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Inquiry into serial killer criticises hospital's response

BMJ 1994; 308 doi: https://doi.org/10.1136/bmj.308.6927.491 (Published 19 February 1994) Cite this as: BMJ 1994;308:491
  1. C Dyer

    Vital clues that could have pointed to nurse Beverly Allitt being a serial killer were missed during the 58 days she worked on the children's ward at Grantham and Kesteven Hospital in Lincolnshire, according to the report of the independent inquiry into the tragedy. The inquiry, chaired by Sir Cecil Clothier, criticises the hospital's two consultant paediatricians, the ward sister, the clinical services manager, and other middle managers. It paints a picture of a hospital “on the edge of viability,” operating on a shoestring budget. Sir Cecil, however, dismissed staff shortages as “a tangential issue.”

    * Clothier said that steps taken after children's deaths were feeble

    (Fig Omitted)

    Allitt, aged 35, is in Rampton Special Hospital after being given 13 life sentences last May for murdering four children and attacking nine others while working as an enrolled nurse on ward 4 between February and April 1991.

    The report criticises the hospital's “sloppy” appointments procedures in recruiting Allitt but doubts that she would have been detected as unsuitable at that stage even if everything had been done correctly. “The main lesson is that the Grantham disaster should serve to heighten awareness in all those caring for children of the possibility of malevolent intervention as a cause of unexplained clinical events.”

    The health secretary, Virginia Bottomley, promised government action on the inquiry's 12 recommendations, which are aimed at preventing repeats of such tragedies. These are mainly designed to screen out unsuitable candidates from nursing posts and improve procedures for postmortem examinations on children and reporting of untoward incidents.

    The inquiry team was “struck by the way in which fragments of medical evidence which, if assembled, would have pointed to Allitt as the malevolent cause of the unexpected collapses of children lay neglected or were missed altogether.” Taken together, “they would have amounted to an unmistakeable portrait of malevolence. The principal failure of those concerned lay in not collecting together those pieces of evidence.”

    The two consultants, Dr Nelson Porter and Dr Charith Nanayakkara, are criticised for “failure to grasp sooner than they did the significance of the cascade of collapses with which they had to deal.” There were no doctors in the middle grades, and the two consultants and two senior house officers worked a one in two rota, but the inquiry could “only speculate as to whether the two consultants would have reacted more quickly and effectively to the series of collapses had they had more time to reflect.”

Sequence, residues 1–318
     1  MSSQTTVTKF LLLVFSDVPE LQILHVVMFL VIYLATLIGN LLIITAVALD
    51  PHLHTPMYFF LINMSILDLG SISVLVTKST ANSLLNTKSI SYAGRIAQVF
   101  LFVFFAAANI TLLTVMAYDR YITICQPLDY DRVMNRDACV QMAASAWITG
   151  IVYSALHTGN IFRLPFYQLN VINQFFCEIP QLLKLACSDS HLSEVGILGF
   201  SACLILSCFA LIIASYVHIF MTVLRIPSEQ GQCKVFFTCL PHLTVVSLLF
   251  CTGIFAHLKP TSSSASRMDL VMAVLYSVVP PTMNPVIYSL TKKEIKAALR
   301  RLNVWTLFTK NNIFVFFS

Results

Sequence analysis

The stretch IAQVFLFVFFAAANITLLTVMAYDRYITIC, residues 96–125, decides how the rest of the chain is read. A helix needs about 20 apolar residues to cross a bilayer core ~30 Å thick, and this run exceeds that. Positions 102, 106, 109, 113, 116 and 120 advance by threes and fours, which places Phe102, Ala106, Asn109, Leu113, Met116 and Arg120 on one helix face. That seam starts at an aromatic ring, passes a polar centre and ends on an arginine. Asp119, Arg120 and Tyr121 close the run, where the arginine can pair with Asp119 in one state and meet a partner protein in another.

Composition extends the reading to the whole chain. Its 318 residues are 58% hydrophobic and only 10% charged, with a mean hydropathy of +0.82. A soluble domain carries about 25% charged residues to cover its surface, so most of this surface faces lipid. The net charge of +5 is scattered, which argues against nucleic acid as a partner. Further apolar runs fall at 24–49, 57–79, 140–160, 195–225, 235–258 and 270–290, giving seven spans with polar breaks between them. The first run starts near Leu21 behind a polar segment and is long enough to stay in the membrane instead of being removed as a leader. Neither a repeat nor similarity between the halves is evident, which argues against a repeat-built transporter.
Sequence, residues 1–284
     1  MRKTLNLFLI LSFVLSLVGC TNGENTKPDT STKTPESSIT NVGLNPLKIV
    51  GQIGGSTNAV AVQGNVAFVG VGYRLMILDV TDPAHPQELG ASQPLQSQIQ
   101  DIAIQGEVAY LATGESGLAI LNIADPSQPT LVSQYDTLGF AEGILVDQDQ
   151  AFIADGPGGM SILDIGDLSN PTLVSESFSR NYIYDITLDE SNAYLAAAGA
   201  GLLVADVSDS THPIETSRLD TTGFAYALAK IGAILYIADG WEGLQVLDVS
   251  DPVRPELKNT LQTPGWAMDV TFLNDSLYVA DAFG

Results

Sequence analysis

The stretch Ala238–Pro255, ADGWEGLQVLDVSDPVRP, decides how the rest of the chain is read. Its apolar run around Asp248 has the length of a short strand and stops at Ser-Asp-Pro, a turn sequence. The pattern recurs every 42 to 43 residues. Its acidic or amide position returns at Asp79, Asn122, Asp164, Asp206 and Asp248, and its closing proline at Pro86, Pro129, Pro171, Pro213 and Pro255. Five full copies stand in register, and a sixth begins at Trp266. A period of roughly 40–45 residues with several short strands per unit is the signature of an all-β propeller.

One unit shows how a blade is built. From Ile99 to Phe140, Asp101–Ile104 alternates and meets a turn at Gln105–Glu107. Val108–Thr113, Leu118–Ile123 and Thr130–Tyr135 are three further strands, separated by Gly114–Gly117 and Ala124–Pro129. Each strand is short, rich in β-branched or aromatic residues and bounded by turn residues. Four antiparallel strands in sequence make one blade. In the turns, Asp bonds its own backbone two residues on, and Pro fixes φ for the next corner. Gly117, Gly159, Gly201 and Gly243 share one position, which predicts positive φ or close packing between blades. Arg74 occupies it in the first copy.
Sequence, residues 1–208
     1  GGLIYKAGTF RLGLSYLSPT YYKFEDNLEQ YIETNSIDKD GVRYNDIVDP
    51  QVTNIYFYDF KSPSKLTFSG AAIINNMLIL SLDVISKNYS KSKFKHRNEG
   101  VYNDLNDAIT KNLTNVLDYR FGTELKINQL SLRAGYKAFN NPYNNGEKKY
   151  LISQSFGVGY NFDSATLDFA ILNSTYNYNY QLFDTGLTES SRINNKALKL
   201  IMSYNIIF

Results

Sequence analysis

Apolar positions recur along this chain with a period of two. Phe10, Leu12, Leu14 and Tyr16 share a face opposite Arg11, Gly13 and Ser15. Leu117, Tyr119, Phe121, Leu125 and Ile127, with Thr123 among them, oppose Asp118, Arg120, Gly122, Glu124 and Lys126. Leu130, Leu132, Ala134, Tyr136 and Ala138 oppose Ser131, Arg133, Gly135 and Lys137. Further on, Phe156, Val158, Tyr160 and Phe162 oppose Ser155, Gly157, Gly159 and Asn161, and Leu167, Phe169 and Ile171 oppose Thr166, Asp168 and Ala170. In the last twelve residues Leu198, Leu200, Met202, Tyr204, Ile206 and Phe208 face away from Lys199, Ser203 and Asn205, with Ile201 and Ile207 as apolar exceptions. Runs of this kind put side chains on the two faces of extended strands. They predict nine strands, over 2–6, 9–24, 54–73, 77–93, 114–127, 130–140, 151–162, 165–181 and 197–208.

Efforts by Dr Nanayakkara to have a paediatric pathologist carry out a postmortem examination on Allitt's first victim, Liam Taylor, were thwarted by the corner's officer and the locum pathologist, Dr Terry Marshall. Had this been done “the whole train of events might have been brought to a halt,” the report says.

    The first clear evidence of foul play came on 12 April, when Dr Porter was given the results of a blood test on one victim, Paul Crampton, showing a large quantity of exogenous insulin. The steps taken after that were “feeble and indecisive while Allitt continued on her deadly course.” The police were not called in until 30 April, more than a week after the last victim died.

    The report concedes that in the only two other known cases of serial killings by nurses, in the US and Canada, the crimes took even longer to be detected. The British Paediatric Association, in its evidence to the inquiry, said: “It is probable that many paediatricians would have had similar difficulty in recognising the criminal acts which occurred in Grantham.” In a small hospital with a small supporting staff the consultants were “not in a strong position to address an unexpected tragedy of this magnitude.”

    David Southall, professor of paediatrics at Keele University, who has been involved in 50 cases of Munchausen's syndrome by proxy, told the inquiry that the delay in diagnosing it on ward 4 was no longer than that in other cases. Parents of Allitt's victims attacked the report as a “cover up.” One mother said: “They have got rid of the nurses and the doctors but we have not seen anything happen to the management.”

    The consultants, clinical services manager Moira Onions, and ward sister Barbara Barker have all been made redundant in a shake up of paediatric services after the Allitt affair. The consultants are appealing to Mrs Bottomley under paragraph 190 of their terms and conditions of service. Paediatric services in Grantham are to be run by Queen's Medical Centre, Nottingham, which is also criticised in the report for having failed to realise when seven victims were referred there that a “malevolent cause” might be responsible.

    The two consultants rejected the report's criticism of them as unfair. Dr Nanayakkara said: “I have already publicly stated that if blame is to be attached to those who were prepared to think the unthinkable then I may be fairly criticised.” Dr Porter added: “It's easy to be wise after the event. I believe that if anyone else had been in my shoes they would not have done any better.”

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